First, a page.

Program Content:  A thirty minute program consists of two or three stories with songs, fingerplays, and action rhymes. Use a variety of visual presentations to capture their interest – storyboards, puppets, or hats. Invite children to stand in front of the group with you using stick or hand puppets. Let the children wear masks or hats identified with the main characters. The children can say the characters’ line along with you or by themselves.

I use fingerplays to introduce or follow-up on a story. For example, I use a ghost fingerplay to introduce the jump story, “Dark Dark Tale.” The Ghost I saw a ghost. (fingers circle eyes) He saw me, too. (point to yourself) I waved at him. (wave your hand) But he said, “BOO!” (try to scare person next to you)


Music is the glue that holds my program together. Songs are incorporated in the stories or set the tone for a story. An action song, after a story gives the children a chance to move around and get their wiggles out. You could sing, “I’m An Acorn” after you tell an autumn story. Acorn Song I’m an acorn hard and round, Lying on the cold dark ground. Everybody steps on me. That is why I’m cracked you see. I’m a nut. (repeat this last line four times, as follows: Clap twice or click tongue and knock on head simultaneously while singing “I’m a nut.”)


There are even differences in the attention span between toddlers and children three to five years old. My version of “The Three Bears” for toddlers is a more condensed magnet board story. But I tell a longer version without any visuals to the older children. Sometimes the children of different ages are combined into one group. Then I target my selections to the middle, the three to four year olds.


Presentation: The key to a successful preschool storytime is your presentation and expectations. Sit on the floor or on a low chair so that they can see your face. Do not give long introductions to your stories. If you need to explain a new concept or word, be succinct. Ask lots of questions before, during, or after the story to keep them fully involved, but be careful not to ask something that is too general or vague. Answering simple questions will give them confidence and prepare them for listening. For a winter story you might ask what clothes they need to wear to play outside in the snow. During the telling of “Stone Soup”, you might want to ask them what they would add to the pot to help make the soup. Be prepared for answers that you might not have in mind, and accept all responses. If someone suggests adding cake to the soup, suggest that we eat the cake for dessert. Teach them any short chant or song before you tell the story to encourage their participation, but keep this as brief as possible. Think like a young child and let yourself go. Use your voice and body language to tell as much as possible. Be animated in your vocal expression using a variety of pitch and tempo, but don’t be too loud.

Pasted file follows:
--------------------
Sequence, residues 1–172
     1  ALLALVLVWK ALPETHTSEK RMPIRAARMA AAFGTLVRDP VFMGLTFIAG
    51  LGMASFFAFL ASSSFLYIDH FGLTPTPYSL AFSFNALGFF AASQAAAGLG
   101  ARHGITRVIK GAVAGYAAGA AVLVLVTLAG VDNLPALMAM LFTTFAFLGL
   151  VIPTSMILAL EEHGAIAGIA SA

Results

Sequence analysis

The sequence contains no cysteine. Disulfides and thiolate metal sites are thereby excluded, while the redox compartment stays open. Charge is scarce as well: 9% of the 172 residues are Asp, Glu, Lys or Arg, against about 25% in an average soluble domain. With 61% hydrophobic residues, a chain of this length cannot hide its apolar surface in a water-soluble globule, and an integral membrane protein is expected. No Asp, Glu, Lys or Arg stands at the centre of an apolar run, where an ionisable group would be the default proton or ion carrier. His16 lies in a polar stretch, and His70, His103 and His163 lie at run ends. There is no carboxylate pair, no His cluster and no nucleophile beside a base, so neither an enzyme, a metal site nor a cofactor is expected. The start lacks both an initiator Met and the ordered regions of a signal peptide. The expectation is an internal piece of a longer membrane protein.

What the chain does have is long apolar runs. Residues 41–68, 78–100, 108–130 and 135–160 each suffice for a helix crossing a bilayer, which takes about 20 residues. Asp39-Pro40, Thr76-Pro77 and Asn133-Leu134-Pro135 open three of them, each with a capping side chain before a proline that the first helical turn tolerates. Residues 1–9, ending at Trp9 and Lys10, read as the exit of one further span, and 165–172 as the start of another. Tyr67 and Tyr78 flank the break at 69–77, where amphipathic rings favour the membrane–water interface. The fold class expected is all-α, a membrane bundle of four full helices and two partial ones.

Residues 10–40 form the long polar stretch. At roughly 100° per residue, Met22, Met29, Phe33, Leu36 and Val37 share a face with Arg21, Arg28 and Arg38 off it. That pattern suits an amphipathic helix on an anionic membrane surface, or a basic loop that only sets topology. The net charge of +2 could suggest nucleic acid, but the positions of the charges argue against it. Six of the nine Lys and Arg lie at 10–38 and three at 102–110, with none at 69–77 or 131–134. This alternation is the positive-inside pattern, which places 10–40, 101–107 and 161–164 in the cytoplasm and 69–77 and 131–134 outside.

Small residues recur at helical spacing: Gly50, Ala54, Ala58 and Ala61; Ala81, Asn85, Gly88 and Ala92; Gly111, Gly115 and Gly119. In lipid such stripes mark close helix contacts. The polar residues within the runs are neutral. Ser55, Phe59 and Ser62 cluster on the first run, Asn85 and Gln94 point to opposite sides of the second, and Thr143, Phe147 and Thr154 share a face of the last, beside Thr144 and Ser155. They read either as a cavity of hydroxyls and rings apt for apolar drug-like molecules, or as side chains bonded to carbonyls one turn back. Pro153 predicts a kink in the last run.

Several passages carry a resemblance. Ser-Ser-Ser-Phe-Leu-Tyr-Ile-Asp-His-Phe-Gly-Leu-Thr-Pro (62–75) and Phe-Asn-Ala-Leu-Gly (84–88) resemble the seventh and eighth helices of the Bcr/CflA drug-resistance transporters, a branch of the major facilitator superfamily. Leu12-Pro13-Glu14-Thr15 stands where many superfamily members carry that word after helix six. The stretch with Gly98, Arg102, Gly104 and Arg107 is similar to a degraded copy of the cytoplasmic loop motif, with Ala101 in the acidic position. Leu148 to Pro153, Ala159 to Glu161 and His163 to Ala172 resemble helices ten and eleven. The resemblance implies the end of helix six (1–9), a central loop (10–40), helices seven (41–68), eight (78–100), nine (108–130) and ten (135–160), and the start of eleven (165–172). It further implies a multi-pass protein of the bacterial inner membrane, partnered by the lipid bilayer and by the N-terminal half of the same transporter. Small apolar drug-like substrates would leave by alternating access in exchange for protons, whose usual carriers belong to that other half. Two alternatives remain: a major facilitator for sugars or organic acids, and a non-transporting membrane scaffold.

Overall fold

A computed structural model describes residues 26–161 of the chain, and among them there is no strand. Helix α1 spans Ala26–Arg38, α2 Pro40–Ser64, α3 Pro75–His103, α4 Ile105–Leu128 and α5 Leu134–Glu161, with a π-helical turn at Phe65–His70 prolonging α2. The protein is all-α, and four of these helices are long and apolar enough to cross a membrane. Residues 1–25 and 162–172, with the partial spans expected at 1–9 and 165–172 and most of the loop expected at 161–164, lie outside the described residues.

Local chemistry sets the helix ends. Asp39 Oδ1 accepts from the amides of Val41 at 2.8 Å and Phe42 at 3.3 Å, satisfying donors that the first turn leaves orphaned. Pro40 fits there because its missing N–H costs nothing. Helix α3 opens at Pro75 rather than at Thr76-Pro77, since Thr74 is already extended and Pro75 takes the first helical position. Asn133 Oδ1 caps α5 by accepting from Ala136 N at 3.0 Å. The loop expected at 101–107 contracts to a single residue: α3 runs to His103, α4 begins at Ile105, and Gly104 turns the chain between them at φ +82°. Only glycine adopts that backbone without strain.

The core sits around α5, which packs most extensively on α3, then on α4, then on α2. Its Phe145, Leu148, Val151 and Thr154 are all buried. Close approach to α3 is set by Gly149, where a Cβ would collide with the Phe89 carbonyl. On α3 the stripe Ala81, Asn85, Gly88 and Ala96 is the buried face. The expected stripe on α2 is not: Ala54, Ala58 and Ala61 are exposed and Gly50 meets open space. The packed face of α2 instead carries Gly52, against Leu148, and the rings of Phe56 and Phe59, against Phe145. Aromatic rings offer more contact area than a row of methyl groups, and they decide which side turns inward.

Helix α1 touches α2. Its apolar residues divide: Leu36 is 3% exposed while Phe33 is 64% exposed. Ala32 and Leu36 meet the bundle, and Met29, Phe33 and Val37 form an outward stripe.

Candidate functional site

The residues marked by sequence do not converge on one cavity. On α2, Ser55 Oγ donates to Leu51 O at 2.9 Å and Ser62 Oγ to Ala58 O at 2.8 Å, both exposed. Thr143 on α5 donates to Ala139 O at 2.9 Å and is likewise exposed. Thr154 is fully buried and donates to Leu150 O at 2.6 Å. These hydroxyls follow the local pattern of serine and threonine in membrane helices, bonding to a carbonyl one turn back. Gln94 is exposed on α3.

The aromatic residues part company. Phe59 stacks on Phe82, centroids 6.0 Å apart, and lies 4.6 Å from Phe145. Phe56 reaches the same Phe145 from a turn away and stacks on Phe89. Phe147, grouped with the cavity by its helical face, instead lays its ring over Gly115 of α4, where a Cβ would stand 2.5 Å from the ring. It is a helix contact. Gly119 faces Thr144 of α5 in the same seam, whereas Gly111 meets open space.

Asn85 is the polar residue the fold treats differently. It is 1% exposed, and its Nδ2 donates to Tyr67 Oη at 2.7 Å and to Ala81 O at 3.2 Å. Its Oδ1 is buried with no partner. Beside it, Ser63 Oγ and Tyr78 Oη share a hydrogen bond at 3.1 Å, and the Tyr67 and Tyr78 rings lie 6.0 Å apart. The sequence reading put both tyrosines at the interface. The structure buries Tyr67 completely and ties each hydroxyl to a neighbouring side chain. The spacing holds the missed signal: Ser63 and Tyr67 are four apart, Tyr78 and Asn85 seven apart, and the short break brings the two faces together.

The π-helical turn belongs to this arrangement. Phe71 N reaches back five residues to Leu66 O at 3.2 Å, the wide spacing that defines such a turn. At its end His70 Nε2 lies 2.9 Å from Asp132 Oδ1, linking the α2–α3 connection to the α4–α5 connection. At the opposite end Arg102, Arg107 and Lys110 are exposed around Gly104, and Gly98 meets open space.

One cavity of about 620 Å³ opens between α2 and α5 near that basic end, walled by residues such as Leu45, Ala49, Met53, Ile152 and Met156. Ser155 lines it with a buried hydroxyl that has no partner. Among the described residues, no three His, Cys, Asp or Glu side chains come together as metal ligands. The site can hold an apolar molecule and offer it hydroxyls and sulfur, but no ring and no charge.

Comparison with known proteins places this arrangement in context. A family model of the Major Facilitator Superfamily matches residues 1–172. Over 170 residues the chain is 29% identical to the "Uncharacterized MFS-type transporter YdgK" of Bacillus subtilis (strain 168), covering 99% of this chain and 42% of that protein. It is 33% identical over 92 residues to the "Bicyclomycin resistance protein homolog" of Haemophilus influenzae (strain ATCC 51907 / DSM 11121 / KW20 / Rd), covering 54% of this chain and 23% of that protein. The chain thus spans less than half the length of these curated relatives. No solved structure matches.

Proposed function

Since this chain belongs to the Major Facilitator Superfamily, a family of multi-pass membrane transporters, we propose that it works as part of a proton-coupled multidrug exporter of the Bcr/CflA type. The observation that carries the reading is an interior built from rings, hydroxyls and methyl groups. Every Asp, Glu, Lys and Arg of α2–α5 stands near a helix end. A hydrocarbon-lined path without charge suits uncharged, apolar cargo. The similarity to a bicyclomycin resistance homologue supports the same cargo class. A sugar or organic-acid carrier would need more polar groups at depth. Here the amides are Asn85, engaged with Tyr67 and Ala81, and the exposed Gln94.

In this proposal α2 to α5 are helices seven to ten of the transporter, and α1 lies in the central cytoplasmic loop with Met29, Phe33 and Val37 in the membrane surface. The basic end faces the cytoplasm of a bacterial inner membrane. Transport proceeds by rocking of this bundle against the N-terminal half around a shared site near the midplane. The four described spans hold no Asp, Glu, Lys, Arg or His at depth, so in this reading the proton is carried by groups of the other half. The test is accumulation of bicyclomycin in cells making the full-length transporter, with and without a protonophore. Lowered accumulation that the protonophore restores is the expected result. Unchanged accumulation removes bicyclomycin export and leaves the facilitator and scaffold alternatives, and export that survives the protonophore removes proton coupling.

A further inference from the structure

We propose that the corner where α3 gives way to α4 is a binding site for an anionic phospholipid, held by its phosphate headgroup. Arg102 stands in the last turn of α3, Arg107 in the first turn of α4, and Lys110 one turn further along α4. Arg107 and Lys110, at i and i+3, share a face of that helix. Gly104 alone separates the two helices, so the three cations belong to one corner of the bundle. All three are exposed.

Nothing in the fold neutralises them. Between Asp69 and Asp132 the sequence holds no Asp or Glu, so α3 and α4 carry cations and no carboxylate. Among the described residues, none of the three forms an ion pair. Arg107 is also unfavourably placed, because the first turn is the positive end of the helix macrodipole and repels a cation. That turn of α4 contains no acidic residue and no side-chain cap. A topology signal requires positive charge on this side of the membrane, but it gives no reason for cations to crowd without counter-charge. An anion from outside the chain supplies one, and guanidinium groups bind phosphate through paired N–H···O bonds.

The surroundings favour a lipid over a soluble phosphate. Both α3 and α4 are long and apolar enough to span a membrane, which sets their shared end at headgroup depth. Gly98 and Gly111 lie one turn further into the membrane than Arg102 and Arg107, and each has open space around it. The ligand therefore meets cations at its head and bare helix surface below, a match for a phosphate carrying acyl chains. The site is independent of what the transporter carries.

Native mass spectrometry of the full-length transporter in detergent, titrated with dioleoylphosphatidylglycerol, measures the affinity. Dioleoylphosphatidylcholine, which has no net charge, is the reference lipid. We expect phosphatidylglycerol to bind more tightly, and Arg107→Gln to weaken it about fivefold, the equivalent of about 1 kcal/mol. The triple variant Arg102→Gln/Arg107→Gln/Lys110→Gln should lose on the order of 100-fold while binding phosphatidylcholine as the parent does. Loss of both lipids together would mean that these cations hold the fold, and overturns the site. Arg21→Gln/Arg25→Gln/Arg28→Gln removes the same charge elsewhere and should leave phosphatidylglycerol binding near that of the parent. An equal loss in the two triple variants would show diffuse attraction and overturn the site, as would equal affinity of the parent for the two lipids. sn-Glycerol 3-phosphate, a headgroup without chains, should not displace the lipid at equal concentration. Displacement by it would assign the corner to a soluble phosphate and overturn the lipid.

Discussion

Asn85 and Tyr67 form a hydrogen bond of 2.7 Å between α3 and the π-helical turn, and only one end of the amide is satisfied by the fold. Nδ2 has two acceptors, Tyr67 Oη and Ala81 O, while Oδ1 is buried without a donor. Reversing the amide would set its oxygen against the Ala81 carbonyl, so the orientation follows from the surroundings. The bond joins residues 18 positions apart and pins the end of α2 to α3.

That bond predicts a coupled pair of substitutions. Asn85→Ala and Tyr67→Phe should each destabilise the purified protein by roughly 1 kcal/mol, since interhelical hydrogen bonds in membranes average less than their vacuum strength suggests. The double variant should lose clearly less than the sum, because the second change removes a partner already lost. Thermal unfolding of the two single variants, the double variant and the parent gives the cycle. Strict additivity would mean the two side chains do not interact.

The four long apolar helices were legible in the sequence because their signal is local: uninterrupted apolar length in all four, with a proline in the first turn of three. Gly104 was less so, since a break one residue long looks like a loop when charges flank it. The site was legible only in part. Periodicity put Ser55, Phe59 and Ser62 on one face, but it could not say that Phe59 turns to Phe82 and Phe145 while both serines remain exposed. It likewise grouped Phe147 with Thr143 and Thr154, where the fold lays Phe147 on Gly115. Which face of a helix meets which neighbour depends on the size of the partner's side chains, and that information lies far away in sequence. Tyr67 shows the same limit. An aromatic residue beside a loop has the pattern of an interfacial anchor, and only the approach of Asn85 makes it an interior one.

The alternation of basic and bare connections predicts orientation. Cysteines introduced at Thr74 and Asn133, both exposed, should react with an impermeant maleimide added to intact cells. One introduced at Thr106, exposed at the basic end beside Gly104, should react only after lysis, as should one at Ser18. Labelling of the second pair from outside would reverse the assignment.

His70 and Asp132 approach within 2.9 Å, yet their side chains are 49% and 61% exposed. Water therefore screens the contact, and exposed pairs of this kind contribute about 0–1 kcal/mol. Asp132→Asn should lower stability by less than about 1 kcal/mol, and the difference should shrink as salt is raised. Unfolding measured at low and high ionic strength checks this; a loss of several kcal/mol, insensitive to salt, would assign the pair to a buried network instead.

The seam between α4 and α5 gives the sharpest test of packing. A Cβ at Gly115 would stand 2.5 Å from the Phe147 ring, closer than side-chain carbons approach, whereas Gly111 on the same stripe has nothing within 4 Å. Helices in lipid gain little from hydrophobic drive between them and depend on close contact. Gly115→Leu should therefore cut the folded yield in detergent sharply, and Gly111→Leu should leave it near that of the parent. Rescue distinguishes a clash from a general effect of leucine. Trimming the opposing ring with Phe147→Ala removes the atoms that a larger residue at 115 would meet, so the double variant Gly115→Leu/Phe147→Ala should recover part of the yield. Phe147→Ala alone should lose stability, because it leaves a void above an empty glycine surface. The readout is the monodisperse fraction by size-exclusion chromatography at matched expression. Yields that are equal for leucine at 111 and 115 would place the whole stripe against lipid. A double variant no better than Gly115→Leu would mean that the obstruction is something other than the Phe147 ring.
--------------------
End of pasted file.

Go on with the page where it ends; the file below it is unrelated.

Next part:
Tell the children in advance if something is going to be loud. Use clear gestures and movements that help convey your story. Don’t be afraid to be silly. Young children like nothing more than seeing grown ups acting silly or making mistakes. I get some of my best laughs when I drop an object by mistake. Build suspense by speaking softly or slowly. Ask questions such as: “And do you know what happened next? “Do you know what?” They love feeling like insiders. Little ones listen with their whole body. Welcome this outward response and know that they are connecting with the story. Comments that interrupt actually indicate active listening. Quickly acknowledge the comment, or find some way to incorporate it into the story, and move on. Every child has the potential to learn new vocabulary and concepts, and to be part of listening audience. Stretch their imaginations, concepts, and vocabulary as you expose them to stories .